Stocks typically post strong gains across the board during bull markets1. However, the volatile market conditions of recent years have prompted many investors to reconsider funds whose managers select securities based on specific factors, such as company fundamentals or industry outlook. These funds are also known as actively managed funds.
Index Fund Managers vs. Active Managers
Index fund managers buy the same holdings of a particular index in order to mirror its performance. They believe markets are absolutely efficient and that current share prices always reflect all relevant information about a stock.
Active managers believe markets are not absolutely efficient. They use analytic or forecasting tools in an attempt to add value. Sometimes, they select securities based on information that is not necessarily known by the broader market (ex: the experience of a company’s management team). Since index funds require less management, they generally charge lower fees than actively managed funds.*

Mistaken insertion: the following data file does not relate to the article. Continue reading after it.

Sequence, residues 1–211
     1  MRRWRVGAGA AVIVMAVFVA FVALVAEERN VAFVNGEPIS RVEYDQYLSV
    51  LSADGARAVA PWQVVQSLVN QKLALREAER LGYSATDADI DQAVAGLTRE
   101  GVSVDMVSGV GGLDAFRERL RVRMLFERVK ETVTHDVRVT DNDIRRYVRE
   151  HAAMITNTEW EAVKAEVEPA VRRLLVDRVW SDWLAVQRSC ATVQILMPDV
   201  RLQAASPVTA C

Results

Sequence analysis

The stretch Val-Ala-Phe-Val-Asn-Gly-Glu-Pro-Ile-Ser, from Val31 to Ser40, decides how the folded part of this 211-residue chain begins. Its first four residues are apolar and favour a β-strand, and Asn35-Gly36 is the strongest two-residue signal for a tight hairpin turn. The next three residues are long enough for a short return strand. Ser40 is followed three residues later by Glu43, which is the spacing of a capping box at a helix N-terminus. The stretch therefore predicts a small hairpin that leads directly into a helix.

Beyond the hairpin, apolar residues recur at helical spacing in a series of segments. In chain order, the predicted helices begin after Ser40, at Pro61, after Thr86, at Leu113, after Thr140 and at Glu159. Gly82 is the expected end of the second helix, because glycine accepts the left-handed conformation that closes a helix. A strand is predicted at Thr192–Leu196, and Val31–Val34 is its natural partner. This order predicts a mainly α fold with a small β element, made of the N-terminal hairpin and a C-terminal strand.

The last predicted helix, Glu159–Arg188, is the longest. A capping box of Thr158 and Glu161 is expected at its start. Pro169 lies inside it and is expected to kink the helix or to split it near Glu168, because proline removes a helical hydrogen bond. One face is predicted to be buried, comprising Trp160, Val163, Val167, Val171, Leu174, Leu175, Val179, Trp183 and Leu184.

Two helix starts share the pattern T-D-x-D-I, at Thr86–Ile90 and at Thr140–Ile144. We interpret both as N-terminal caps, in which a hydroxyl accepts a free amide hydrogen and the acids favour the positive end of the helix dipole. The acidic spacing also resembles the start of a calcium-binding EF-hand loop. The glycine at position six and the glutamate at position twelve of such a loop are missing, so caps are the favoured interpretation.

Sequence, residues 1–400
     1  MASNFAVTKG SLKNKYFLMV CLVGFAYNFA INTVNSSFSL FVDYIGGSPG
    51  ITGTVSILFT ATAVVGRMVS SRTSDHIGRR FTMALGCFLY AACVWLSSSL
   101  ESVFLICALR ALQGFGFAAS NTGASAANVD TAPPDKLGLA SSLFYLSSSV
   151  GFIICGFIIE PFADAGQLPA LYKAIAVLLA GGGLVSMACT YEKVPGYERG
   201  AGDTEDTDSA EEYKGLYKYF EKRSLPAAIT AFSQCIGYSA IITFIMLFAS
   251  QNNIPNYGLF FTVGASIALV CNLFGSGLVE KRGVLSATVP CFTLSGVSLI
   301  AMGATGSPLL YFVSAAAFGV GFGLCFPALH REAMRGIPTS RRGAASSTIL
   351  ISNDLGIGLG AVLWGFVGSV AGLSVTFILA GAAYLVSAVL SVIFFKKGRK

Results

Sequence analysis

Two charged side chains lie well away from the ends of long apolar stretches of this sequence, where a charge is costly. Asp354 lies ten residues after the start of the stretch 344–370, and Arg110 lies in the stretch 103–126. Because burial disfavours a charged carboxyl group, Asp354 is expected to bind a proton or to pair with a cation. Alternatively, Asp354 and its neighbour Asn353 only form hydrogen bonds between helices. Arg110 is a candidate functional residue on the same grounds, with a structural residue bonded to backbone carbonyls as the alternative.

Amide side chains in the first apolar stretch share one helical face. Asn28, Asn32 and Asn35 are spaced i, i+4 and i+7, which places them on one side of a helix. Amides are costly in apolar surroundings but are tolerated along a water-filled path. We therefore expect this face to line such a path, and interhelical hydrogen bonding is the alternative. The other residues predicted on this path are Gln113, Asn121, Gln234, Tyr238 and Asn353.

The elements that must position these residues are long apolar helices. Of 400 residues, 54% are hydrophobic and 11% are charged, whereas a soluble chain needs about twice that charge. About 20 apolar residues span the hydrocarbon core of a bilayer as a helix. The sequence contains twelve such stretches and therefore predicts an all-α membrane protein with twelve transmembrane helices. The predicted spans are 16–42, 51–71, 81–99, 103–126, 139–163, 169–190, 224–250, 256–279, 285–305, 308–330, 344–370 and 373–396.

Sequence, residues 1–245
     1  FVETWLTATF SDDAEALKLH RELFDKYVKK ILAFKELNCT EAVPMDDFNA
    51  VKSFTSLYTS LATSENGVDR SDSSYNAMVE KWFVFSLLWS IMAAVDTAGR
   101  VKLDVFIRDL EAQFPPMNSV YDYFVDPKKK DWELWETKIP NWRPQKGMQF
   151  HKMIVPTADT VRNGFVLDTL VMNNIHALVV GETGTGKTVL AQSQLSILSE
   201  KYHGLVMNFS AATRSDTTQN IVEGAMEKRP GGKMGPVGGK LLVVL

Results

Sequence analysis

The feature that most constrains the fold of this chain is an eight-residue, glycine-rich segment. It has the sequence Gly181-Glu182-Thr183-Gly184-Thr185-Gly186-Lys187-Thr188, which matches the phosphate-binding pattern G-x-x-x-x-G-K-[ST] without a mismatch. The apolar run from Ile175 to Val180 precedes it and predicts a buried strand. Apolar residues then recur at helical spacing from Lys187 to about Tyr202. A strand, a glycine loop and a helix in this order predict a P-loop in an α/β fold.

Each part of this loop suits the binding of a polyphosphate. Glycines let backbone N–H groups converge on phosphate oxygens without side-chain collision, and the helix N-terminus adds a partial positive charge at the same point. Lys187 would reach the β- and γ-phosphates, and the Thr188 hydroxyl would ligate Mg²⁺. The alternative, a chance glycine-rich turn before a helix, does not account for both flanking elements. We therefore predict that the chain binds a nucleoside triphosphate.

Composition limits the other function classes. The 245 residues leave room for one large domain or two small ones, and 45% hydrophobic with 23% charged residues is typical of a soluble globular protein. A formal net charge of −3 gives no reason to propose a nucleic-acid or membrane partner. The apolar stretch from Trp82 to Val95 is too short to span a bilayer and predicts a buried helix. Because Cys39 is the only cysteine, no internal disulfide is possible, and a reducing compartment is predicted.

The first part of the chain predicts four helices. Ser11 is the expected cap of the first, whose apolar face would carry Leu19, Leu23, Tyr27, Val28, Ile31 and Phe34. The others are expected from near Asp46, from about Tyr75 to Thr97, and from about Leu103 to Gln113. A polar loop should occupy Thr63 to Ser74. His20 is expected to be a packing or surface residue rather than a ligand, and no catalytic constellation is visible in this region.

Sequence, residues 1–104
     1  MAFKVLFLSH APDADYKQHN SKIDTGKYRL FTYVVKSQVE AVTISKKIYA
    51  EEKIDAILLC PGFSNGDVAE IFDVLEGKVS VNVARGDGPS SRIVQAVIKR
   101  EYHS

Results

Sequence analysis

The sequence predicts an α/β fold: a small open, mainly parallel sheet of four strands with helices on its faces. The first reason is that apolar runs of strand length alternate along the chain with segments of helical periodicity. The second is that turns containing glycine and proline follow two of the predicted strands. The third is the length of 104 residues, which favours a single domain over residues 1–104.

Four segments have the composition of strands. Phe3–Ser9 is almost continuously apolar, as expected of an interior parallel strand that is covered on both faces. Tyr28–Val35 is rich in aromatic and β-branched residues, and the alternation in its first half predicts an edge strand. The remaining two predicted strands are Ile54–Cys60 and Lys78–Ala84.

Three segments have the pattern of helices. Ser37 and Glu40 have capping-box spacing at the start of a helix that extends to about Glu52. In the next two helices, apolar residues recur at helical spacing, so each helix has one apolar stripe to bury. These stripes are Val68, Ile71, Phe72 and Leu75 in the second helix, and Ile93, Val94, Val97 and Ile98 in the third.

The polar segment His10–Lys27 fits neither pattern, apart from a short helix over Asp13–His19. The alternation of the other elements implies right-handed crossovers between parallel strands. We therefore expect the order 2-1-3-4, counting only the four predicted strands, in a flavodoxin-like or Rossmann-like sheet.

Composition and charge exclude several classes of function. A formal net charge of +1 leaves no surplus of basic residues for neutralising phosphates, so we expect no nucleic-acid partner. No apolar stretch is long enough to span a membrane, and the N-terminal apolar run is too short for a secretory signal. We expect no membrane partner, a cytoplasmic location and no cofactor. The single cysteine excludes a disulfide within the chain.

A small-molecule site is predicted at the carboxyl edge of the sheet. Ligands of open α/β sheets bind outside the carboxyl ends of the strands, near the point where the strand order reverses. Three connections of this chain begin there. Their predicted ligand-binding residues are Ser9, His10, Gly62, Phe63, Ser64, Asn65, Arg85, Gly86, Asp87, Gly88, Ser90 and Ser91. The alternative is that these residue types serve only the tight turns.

The Appeal of Active Funds
A unique strategy that may be the key to seeking the results you’re looking for in today’s uncertain Financial Markets. Index funds should always meet their benchmark’s return minus any fees, but they may not be able to protect your investment in the event of a market downturn.
In contrast, active fund managers have the flexibility to adjust their portfolios in response to changes in a specific company, overall market or economy. The manager can move money among different markets and asset classes to potentially reduce the impact of volatility2.
The Best of Active and Passive Market Strategies
Fortunately, you don’t need to resolve the debate over active and passive strategies — or choose just one. While index funds may still make sense as core investments in your portfolio, including actively managed funds might allow you to diversify2 your holdings to potentially protect against loss. As with all investments, it’s important to make your selections carefully, based on your individual needs and goals3.
To learn more about passive and active market strategies, contact a Fifth Third financial advisor.